GTR Home > Conditions/Phenotypes > Myasthenia gravis

Summary

Myasthenia gravis is a disorder that causes weakness of the skeletal muscles, which are muscles that the body uses for movement. The weakness most often starts in the muscles around the eyes, causing drooping of the eyelids (ptosis) and difficulty coordinating eye movements, which results in blurred or double vision. In a form of the disorder called ocular myasthenia, the weakness remains confined to the eye muscles. In most people with myasthenia gravis, however, additional muscles in the face and neck are affected. Affected individuals may have unusual facial expressions, difficulty holding up the head, speech impairment (dysarthria), and chewing and swallowing problems (dysphagia) that may lead to choking, gagging, or drooling. Other muscles in the body are also affected in some people with myasthenia gravis. The muscles of the arms and legs may be involved, causing affected individuals to have changes in their gait or trouble with lifting ... objects, rising from a seated position, or climbing stairs. The muscle weakness tends to fluctuate over time; it typically worsens with activity and improves with rest. Weakness of the muscles in the chest wall and the muscle that separates the abdomen from the chest cavity (the diaphragm) can cause breathing problems in some people with myasthenia gravis. About 10 percent of people with this disorder experience a potentially life-threatening complication in which these respiratory muscles weaken to the point that breathing is dangerously impaired, and the affected individual requires ventilation assistance. This respiratory failure, called a myasthenic crisis, may be triggered by stresses such as infections or reactions to medications. People can develop myasthenia gravis at any age. For reasons that are unknown, it is most commonly diagnosed in women younger than age 40 and men older than age 60. It is uncommon in children, but some infants born to women with myasthenia gravis show signs and symptoms of the disorder for the first few days or weeks of life. This temporary occurrence of symptoms is called transient neonatal myasthenia gravis. [from GHR] more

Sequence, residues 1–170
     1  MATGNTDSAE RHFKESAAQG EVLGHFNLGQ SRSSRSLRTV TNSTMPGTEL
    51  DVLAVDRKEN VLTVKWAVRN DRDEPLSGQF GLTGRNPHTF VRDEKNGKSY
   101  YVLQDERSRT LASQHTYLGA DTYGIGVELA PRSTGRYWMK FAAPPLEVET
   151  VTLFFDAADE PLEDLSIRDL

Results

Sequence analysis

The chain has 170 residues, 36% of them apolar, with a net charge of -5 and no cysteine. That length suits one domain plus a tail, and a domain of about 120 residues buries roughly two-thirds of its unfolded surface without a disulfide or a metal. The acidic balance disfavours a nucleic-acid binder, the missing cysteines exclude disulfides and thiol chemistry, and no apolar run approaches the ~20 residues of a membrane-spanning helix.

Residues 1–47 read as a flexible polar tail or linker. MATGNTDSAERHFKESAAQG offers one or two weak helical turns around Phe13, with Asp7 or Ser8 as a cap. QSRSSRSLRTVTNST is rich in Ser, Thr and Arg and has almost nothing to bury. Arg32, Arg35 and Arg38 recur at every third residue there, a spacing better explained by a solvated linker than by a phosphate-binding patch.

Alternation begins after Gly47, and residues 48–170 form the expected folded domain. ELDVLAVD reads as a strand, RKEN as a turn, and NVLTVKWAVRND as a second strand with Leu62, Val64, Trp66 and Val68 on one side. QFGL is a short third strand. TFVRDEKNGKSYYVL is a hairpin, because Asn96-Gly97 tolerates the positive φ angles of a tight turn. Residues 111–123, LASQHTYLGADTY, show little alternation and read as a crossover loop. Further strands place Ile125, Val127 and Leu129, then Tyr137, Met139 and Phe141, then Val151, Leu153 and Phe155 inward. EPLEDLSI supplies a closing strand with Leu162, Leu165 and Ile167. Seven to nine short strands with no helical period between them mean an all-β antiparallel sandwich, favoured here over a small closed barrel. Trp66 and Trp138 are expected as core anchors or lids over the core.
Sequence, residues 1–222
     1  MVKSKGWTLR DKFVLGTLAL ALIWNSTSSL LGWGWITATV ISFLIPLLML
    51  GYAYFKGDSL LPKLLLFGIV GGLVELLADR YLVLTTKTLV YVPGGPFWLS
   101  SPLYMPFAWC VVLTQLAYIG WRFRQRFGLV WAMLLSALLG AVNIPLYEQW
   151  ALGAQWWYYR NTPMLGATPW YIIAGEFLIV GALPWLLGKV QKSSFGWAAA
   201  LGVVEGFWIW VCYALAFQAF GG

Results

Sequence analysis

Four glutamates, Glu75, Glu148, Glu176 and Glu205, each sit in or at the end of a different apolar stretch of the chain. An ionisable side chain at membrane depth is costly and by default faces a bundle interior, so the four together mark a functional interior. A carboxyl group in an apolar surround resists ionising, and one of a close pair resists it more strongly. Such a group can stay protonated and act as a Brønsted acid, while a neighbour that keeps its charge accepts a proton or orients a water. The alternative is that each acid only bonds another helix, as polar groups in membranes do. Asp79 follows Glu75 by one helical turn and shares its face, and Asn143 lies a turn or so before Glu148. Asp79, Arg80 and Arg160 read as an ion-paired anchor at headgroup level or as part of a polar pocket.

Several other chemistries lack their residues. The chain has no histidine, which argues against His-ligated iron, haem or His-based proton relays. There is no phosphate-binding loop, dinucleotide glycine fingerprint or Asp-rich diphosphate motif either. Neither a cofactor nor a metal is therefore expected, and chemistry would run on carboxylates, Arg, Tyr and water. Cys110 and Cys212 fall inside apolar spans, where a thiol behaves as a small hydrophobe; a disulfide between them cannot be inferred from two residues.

Available tests

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Associated genes

Clinical features

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  • Dysarthria
  • Dysphagia
  • Ptosis
  • Diplopia
  • Abnormality of the endocrine system
  • Nasal speech
  • Autoimmunity
  • Limb muscle weakness
  • Proximal muscle weakness
  • Facial palsy
  • Thymoma
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